ASK A COP — Can someone be forced out a car that’s not their own?
Published 12:16 am Tuesday, November 7, 2023
Pamela asks: I was at a party a couple of weeks ago and a close friend and her boyfriend got into a heated fight. She decided she did not want to take her boyfriend home, but he would not get out of her car. Everybody tried to talk him out of her car, but he simply wouldn’t get out. He said, “that’s how I got to the party, and that is how I am leaving.” She finally got in her car to take him home, and of course we went with her just in case he tried something crazy. Is it against the law to not get out of someone’s car? Could the police have been called? What can we do if this happens again?
Answer: Thanks for being a part of the solution and not the problem on our roads. There was ABSOLUTELY something your friend could have done in this situation … CALL THE POLICE DEPARTMENT. Your friend’s boyfriend remained in the vehicle after he was ordered out, and that is a violation of the Texas Penal Code 30.05. Criminal trespassing in the state of Texas: if ANY passenger is NOT given effective consent to remain in the vehicle, the subject at question could be charged with criminal trespassing. If your friend would have called the police for assistance, her boyfriend could have faced being arrested for NOT exiting the vehicle when demanded upon by the owner or person whom has custody/control of said vehicle. If someone doesn’t want you in their vehicle in Texas, I don’t care where you go or what you do, you must GET OUT!
Parker asks: Not long ago my wife was involved in a fender bender in the parking lot. Long story short, the police were called and they didn’t do much but exchange insurance information and left? I’m not complaining, just inquiring. Is this normal procedure?
Answer: I don’t know what happened between the LONG story you made short, but at the end of the day, “YES,” this sounds like a normal procedure. If you are involved in a private property crash with no injuries, and if police are called to the scene, there will be NO investigation. Police Officers can assist with the exchanging of information, but that’s about it. Texas police officers don’t investigate private property crashes where no injuries are involved.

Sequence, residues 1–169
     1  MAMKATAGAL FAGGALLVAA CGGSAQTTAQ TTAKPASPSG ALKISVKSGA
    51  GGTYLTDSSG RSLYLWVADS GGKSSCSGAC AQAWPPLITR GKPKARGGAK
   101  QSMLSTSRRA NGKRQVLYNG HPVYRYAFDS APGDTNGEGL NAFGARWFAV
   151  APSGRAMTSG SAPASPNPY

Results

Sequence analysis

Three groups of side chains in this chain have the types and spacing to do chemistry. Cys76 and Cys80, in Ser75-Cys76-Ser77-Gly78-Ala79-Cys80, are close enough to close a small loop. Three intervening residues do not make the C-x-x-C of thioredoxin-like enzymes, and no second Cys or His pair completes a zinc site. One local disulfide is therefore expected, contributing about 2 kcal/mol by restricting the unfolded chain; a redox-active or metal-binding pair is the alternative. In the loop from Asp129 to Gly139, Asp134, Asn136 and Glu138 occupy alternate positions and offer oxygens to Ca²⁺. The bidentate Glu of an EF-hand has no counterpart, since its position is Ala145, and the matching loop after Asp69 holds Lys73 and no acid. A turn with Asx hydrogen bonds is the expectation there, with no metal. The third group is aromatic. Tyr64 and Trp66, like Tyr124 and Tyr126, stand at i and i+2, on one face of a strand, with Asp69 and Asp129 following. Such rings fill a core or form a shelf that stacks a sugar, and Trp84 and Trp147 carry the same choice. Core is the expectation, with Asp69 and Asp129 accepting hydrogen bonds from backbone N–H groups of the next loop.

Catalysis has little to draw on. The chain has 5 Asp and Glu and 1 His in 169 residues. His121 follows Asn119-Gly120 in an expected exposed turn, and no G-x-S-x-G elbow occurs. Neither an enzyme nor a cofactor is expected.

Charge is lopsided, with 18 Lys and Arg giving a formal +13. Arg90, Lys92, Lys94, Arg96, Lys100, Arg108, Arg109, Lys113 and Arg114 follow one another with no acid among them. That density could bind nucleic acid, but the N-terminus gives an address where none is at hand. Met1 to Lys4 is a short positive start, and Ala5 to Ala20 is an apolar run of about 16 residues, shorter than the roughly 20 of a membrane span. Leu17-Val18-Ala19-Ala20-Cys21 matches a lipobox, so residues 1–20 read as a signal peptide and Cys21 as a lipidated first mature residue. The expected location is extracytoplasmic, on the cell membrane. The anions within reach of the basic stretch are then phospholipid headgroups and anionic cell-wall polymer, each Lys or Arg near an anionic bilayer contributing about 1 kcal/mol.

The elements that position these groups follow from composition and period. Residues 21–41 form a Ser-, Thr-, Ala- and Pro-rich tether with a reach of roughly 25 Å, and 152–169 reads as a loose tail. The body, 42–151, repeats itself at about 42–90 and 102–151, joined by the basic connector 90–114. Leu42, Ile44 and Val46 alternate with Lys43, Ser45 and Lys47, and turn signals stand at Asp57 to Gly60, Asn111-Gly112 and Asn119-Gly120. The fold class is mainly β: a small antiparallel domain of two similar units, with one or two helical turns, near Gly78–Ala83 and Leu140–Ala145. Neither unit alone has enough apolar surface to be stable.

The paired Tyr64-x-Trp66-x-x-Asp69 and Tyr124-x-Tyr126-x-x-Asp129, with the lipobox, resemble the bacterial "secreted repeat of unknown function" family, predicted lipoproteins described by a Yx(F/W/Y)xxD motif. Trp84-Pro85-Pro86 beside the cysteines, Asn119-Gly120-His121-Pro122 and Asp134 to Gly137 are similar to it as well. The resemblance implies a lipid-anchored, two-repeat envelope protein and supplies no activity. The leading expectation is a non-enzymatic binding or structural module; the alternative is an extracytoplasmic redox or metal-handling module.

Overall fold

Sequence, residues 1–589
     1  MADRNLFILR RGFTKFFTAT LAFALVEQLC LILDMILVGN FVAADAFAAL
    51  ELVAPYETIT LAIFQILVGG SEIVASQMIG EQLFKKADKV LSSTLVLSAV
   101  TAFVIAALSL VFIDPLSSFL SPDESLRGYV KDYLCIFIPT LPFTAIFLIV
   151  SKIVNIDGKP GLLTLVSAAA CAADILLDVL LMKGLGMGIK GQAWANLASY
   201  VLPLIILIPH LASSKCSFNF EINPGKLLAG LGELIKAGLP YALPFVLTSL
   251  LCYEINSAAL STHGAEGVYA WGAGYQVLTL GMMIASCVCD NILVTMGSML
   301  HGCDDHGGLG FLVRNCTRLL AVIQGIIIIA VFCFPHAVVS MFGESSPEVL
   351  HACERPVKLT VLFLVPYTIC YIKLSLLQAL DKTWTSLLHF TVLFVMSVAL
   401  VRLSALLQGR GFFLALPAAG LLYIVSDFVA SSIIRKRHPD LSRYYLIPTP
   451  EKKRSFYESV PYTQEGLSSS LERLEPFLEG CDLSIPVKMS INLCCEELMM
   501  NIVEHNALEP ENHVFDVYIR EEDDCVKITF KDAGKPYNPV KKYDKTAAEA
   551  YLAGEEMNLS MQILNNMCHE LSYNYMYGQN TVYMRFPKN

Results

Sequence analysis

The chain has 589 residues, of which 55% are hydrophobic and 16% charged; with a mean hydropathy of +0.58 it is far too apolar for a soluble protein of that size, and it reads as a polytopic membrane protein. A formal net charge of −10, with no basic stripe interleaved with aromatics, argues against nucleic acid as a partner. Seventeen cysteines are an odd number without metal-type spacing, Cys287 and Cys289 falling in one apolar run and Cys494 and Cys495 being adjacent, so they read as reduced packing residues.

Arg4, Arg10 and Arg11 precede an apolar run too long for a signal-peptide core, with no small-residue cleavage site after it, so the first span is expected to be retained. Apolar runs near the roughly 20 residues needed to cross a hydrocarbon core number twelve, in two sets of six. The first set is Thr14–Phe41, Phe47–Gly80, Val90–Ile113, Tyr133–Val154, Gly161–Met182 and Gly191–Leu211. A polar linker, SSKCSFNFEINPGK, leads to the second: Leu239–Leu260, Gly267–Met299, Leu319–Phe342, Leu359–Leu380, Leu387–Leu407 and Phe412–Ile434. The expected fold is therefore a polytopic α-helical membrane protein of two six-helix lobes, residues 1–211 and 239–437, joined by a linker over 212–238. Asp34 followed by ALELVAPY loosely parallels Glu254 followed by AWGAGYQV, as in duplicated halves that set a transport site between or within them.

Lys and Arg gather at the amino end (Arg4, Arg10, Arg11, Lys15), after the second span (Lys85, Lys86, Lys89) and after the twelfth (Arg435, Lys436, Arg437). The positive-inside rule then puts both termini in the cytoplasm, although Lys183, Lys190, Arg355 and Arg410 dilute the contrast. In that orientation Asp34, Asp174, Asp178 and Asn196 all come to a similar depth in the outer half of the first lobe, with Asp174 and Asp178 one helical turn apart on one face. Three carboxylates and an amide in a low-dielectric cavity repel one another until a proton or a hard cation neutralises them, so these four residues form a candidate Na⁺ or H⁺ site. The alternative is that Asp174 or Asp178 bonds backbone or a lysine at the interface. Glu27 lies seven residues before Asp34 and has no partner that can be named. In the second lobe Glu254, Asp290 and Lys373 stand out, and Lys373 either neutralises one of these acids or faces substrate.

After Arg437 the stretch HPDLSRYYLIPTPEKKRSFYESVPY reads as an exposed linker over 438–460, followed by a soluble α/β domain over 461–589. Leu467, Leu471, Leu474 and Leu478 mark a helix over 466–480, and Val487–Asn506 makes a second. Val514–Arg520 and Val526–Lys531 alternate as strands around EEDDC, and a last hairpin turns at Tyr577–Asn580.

Megan asks: I was stopped last month for a blown out tail light that I didn’t even know was out. It was nighttime, and the officer turned on a very, very, very bright spotlight before he approached my vehicle. This made me very nervous because I couldn’t see him. Then all of the sudden he’s talking to me at my window. I kept telling him his light was blinding me during the time he had me stopped, but that didn’t seem to matter. Was this officer being mean or is that what the police do?
Answer: I’m sorry for your uncomfortableness, but this procedure is one that is taught and practiced by law enforcement officers around this country. I know you may be uncomfortable with the light but it’s actually performed for yours and the officers’ safety. When police officers make the decision to stop a vehicle they observe committing a CRIME in their presence, they know what their intent is when approaching the vehicle. But we are unsure of the intentions of the driver. So hopefully there won’t be a next time, but if you or any of the readers are stopped during the nighttime, expect the police officer to use his spotlight on your side view mirror. Remember it is for the safety of ALL parties involved. I hope you got your tail light repaired (hint). Smile!
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